You may have read about my trip to Salamanca last year, well this is a second post all about one particular visit to Salamanca’s famous Cathedral. There are in fact two cathedrals in Salamanca, the ‘Old Cathedral’ and the predictably named ‘New Cathedral’ (or in Spanish ‘Catedral Nueva’). What is pretty cool and convenient is that both of the cathedrals are connected, so when you visit them, you do so together.
Back in 12th and 13th century, the Salamancans built the original cathedral. The new part was made over hundreds of years, between the 16th and 18th centuries. In fact, the construction took so long that it ended up being in two styles; the late Gothic and Baroque. It was started way back in 1513 and wasn’t consecrated unti 1733. I found it crazy to imagine the people who first designed it, died well over a hundred years before it was finished.
In 1992 the cathedral had some restoration work. Amongst the many ornate carvings on the façade, the restorers (who clearly have a sense of humour) added a faun eating an ice cream and an astronaut. Before I heard that these were more recent additions, my mind was boggling with ideas of time travellers helping medieval carvers.
Due to the building taking such a long time, the styles of architecture actually became less popular, so as you walk around the different stages of the cathedral you can see it change from Gothic to Renaissance to Plateresco and finally to Baroque. (Disclaimer – I don’t know a great deal about architecture, but I did read that on a leaflet!)
You enter the cathedral through its main entrance which consists of three richly decorated arcs. Each of these leads to the three naves. As you progress on the tour through the cathedral, you get higher and higher. I loved ducking and moving through the building. The many spiral staircases take you up and up in the many winding passageways over the upper cathedral.
Each time you went up a staircase you felt as if you had reached the top and were experiencing the very best views of the beautiful city of Salamanca. What was great is that you weren’t and you kept going higher up and the view kept getting better. Eventually, we got to the tippity top, the 92m high bell tower.
As we reached the top, the sun started to set and the already gorgeous views, got even more ‘gorgeous-er’! The building in Salamanca are built using a fantastic blond sandstone which is found in the deep quarries in the region of Castile-León. This stone is already a rich caramel colour, but in the orange light of the sunset it became even more vivid and colourful.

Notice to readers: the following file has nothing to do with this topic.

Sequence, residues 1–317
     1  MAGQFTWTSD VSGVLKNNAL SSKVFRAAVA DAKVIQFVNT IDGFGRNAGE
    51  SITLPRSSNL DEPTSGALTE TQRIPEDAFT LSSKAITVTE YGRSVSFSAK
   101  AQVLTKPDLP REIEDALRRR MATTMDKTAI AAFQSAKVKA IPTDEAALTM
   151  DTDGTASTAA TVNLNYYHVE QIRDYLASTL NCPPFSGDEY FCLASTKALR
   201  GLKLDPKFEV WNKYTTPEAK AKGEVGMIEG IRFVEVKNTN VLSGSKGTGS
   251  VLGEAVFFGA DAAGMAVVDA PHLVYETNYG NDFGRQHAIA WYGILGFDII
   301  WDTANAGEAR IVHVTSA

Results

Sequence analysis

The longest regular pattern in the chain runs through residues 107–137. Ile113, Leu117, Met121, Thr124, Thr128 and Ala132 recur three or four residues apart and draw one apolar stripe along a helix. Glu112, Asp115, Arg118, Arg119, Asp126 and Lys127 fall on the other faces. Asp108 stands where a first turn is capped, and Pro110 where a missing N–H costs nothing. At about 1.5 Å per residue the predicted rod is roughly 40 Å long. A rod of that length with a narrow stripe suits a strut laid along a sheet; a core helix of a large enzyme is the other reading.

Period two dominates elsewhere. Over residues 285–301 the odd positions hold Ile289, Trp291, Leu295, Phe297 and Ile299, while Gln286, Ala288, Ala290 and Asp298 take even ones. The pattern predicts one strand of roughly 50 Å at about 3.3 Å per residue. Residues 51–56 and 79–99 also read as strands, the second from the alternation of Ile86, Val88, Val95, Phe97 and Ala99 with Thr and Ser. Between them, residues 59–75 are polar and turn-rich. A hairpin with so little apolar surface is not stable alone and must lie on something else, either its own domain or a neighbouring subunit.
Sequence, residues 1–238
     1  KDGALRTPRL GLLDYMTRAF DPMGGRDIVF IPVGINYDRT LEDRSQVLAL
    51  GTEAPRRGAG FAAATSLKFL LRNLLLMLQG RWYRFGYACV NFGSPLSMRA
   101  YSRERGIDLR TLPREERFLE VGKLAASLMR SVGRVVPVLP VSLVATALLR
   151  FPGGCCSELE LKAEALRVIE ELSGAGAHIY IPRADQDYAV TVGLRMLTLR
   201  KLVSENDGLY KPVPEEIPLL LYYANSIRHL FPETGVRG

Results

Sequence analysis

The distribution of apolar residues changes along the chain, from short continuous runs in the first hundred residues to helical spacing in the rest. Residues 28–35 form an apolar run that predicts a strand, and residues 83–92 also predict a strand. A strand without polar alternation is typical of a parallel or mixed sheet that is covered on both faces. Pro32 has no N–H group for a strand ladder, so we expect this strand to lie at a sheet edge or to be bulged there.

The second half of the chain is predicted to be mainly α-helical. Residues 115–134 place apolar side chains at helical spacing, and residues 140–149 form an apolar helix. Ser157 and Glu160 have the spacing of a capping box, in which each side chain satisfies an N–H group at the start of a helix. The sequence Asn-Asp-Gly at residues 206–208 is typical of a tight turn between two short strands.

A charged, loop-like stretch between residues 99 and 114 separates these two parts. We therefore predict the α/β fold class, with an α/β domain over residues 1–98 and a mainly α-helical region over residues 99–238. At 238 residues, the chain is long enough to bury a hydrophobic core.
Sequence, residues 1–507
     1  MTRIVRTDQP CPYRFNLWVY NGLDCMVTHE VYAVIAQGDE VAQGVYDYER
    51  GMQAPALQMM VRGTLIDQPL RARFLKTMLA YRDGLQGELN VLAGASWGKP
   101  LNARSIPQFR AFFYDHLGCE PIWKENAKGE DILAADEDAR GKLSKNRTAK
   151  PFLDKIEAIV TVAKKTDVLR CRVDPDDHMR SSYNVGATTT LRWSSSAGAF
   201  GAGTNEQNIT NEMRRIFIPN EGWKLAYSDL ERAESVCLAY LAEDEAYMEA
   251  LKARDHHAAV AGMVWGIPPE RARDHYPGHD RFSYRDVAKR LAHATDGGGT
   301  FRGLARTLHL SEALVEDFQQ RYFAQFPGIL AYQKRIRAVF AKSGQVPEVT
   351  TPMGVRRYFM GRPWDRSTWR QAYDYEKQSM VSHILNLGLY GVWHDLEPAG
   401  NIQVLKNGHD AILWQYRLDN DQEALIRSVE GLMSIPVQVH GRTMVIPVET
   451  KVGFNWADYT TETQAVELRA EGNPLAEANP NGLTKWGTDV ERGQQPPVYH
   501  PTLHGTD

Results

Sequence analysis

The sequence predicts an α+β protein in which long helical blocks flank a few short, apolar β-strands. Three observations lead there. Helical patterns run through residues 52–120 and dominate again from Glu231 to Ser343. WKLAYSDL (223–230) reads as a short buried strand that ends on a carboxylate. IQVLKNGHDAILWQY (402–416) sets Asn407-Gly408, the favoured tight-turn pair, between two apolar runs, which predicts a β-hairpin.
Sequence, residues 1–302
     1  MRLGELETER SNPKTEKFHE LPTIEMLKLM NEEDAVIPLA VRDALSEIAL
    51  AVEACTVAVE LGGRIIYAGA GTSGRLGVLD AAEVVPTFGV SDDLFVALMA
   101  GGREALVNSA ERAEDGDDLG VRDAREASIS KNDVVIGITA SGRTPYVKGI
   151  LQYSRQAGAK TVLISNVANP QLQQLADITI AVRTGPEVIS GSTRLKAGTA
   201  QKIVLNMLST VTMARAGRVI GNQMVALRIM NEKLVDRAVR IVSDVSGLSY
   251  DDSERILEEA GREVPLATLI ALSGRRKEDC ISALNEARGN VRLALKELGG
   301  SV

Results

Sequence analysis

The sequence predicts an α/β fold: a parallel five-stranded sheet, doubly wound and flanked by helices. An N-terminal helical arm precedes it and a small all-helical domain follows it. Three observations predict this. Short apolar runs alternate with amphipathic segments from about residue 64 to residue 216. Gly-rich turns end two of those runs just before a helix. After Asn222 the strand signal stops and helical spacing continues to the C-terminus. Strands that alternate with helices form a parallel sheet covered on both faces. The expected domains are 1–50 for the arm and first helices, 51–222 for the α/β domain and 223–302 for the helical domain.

I spent ages peering out of all the different walls and taking shots of the most stunning views I had seen of Salamanca. The people walking down in the streets looked like ants and I stayed up there savouring every last moment until the sun eventually fell out of sight and darkness began to fall.
I love Salamanca and can’t wait to go back. Luckily, I’m going on another trip in May! Back in October when I went the temperature was similar to the UK, maybe a couple of degrees higher. However, when I go back at the end of May, the temperature will be getting close to Scorchio! I’m so excited about going back (and love outdoor clothing and gear so much) I’ve even started shopping ready for the trip. The first purchase I’ve made is this Nosilife Adventure Long Sleeved Shirt from Craghoppers.
This understated long sleeve shirt is actually the Swiss Army Knife of all shirts. I honestly didn’t think a shirt could do so many awesome things. It really is the best thing to wear when travelling the world. It’s got so many features I’ll give you a quick run down:
Firstly, it’s got as sunglasses wiping cloth built into the hem of the shirt. This is ideal as I (like most people) never carry those little wipes that come with sunglasses around with me. The microfibre cloth attached to the Nosilife Adventure shirt makes light work of any marks on your shades.
The Solarshield collar is one of my favourite parts of this shirt. Simply, it’s a normal collar that looks very smart and just like a regular shirt. However, if you are somewhere very hot, it concertinas out to provide a really good shade for the whole of your neck.
It’s not just this that makes it good for protecting you from the sun. The fabric which the shirt is made from is UPF40+ making it excellent for travelling in hot countries and in the summer.
Craghoppers have designed this shirt to be excellent for wearing in really hot and humid conditions; it’s been constructed in a super lightweight manner, with material that not only dries quickly, but wickes any moisture away from your skin.
A really smart feature is the vented back. Just below your shoulder blades they’ve made two special sections in the back with vented material. You can’t really see them but they really work and allow even more cool air to circulate around your body.
Nosilife insect-repellent is permanently woven into the fabric which is proven to reduce bites by up to 90% and doesn’t smell or irritate in any way. Having a shirt with this is a no-brainer and something all travel clothing should have. The features don’t end there – it’s also got a hidden pocket for cash and valuables as well as roll up sleeves!
I’m really looking forward to wearing this whilst travelling in Spain. It’s definitely going to make my trip a lot more comfortable and enjoyable. In fact, I might need to get a few more as I’m going to be away for a whole week.